The long hours of cycling undertaken by elite cross-country mountain bikers call for a high-energy diet - high in protein, vitamins, and minerals, and high in carbohydrate for muscle fuel stores, so does that by ordinary cyclists.
Don’t start cycling with an empty stomach.
The most important considerations are to consume carbohydrate and fluid and to allow adequate time for digestion before riding.
1) Have a normal-sized meal approximately four hours before riding and a snack one to two hours before riding (see below for suggestions).
2) If you are riding early in the morning, have a high-carbohydrate meal the night before and a snack one to two hours before riding.
3) Choose high-carbohydrate, low-fat foods to ensure easy digestion and to top up carbohydrate fuel supplies.
4) Experiment with the type, timing, and amount of food that works best for you.
5) Drink 200-600ml of fluid approximately 2 hours before riding. Follow this up with another 200-400 ml of fluid immediately before hitting the trails. This helps to prime the stomach and improves gastric emptying during the ride.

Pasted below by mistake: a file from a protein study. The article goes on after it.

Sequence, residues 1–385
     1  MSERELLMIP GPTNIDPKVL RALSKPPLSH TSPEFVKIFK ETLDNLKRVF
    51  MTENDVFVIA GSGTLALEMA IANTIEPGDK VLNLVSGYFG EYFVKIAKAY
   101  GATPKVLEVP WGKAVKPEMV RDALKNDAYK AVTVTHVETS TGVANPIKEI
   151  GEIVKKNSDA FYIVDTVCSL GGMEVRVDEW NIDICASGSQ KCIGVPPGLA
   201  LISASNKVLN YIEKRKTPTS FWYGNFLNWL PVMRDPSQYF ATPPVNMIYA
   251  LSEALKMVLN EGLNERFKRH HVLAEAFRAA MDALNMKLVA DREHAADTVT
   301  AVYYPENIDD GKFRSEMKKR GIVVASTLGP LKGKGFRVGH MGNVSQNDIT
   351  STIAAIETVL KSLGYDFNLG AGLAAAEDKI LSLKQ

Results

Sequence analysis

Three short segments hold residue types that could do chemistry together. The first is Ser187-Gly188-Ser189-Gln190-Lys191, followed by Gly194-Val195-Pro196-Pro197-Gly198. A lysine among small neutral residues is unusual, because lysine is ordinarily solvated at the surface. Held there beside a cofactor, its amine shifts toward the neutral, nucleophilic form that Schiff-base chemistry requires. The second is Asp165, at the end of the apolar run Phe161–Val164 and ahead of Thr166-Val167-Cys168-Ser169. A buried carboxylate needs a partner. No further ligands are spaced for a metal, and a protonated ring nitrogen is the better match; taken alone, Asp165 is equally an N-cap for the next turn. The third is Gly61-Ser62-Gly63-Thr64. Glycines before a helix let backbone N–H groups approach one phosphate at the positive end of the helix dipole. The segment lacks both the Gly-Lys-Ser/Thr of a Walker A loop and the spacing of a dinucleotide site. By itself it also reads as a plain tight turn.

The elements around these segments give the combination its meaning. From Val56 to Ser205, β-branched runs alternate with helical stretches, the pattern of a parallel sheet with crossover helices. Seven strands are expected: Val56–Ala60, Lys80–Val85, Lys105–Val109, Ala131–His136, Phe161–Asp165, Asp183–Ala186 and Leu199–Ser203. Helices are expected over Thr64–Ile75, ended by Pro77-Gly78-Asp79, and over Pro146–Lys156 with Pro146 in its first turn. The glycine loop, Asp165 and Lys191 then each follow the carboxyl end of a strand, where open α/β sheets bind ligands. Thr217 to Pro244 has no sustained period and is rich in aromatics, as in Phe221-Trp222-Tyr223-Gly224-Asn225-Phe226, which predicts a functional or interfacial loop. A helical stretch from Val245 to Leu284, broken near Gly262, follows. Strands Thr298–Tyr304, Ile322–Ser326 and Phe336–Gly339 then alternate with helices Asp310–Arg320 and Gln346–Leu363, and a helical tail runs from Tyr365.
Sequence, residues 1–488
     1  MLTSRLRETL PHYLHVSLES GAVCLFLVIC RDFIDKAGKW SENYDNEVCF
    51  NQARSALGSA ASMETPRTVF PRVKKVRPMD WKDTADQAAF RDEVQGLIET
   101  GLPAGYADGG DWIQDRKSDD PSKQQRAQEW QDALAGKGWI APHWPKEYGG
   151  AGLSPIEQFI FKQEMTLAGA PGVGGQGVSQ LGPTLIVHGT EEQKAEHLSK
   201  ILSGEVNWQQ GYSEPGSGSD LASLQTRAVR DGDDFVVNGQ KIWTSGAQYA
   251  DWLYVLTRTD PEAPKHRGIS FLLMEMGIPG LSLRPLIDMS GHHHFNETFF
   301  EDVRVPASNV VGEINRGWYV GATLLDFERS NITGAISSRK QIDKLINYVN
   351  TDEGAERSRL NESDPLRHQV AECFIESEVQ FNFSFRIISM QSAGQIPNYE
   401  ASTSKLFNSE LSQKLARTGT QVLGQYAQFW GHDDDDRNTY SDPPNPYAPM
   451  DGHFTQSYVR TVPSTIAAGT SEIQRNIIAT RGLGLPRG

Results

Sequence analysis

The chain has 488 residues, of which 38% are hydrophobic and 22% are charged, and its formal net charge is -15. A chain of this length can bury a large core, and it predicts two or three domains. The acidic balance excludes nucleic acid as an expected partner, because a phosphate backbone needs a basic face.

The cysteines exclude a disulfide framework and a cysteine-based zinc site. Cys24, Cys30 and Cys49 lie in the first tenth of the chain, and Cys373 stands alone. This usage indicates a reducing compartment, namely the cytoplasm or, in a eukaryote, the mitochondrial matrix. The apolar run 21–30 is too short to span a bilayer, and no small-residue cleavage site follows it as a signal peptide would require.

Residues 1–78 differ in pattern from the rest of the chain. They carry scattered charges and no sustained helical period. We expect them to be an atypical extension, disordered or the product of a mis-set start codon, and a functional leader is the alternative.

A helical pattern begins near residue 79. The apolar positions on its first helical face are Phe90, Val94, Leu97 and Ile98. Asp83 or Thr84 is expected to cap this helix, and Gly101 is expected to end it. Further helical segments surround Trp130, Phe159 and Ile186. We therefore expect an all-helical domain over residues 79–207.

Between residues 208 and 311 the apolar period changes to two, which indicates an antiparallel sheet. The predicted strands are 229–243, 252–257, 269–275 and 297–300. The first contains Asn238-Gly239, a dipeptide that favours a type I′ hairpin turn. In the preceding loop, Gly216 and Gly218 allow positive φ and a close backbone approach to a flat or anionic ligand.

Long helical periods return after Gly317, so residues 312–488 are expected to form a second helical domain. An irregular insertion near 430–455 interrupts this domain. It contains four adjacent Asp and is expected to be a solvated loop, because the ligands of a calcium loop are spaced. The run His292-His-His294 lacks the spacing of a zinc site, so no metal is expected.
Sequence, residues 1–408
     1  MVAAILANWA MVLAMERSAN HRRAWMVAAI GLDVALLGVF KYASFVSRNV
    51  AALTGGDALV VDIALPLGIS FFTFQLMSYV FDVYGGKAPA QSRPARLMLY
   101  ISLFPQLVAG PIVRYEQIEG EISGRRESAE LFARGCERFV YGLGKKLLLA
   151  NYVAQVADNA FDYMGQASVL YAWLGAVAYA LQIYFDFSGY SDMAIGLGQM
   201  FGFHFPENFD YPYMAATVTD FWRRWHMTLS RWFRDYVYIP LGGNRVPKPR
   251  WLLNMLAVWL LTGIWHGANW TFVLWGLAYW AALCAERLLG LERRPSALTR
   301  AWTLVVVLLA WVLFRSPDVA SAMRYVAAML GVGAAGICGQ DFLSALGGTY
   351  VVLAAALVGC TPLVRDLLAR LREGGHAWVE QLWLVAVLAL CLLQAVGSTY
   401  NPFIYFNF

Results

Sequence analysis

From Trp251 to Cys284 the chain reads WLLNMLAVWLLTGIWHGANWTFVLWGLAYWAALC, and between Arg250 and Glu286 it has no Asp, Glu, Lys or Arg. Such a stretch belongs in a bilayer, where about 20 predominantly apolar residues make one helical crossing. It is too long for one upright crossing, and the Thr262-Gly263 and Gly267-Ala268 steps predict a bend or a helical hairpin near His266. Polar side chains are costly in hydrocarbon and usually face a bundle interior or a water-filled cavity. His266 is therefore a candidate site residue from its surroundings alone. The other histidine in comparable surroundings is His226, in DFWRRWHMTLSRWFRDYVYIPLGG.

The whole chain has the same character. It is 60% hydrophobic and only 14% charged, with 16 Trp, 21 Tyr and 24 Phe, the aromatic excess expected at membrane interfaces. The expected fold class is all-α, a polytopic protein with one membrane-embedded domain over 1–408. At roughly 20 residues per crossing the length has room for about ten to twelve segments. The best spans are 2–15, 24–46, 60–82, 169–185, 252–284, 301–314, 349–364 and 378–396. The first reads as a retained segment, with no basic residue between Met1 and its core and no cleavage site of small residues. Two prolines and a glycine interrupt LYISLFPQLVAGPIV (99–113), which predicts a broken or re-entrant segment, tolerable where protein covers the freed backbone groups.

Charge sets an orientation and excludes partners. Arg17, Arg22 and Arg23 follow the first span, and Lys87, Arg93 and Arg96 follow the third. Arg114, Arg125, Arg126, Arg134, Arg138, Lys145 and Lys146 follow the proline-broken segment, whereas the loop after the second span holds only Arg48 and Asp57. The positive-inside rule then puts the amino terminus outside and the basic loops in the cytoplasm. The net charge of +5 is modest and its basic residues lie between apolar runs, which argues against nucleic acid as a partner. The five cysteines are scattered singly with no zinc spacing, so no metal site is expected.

6) If you find it difficult to eat before riding, try a liquid meal supplement such as PowerBar Protein Plus powder, Sustagen Sport or a fruit smoothie.Nutrition Tips for Cyclists
One thing to know: your body can digest about 300 calories/hour (or so I was taught). So, if you've just eaten a large meal, there's going to be food sitting in your stomach not doing much for you while you're riding.
Cycling with enough carbohydrate.
Adequate carbohydrate during prolonged rides is important to maintain a strong immune system and prevent riders breaking down mid-season. Daily recovery between heavy training sessions requires a high total carbohydrate intake, but also the clever timing of meals and snacks to enhance muscle glycogen restoration.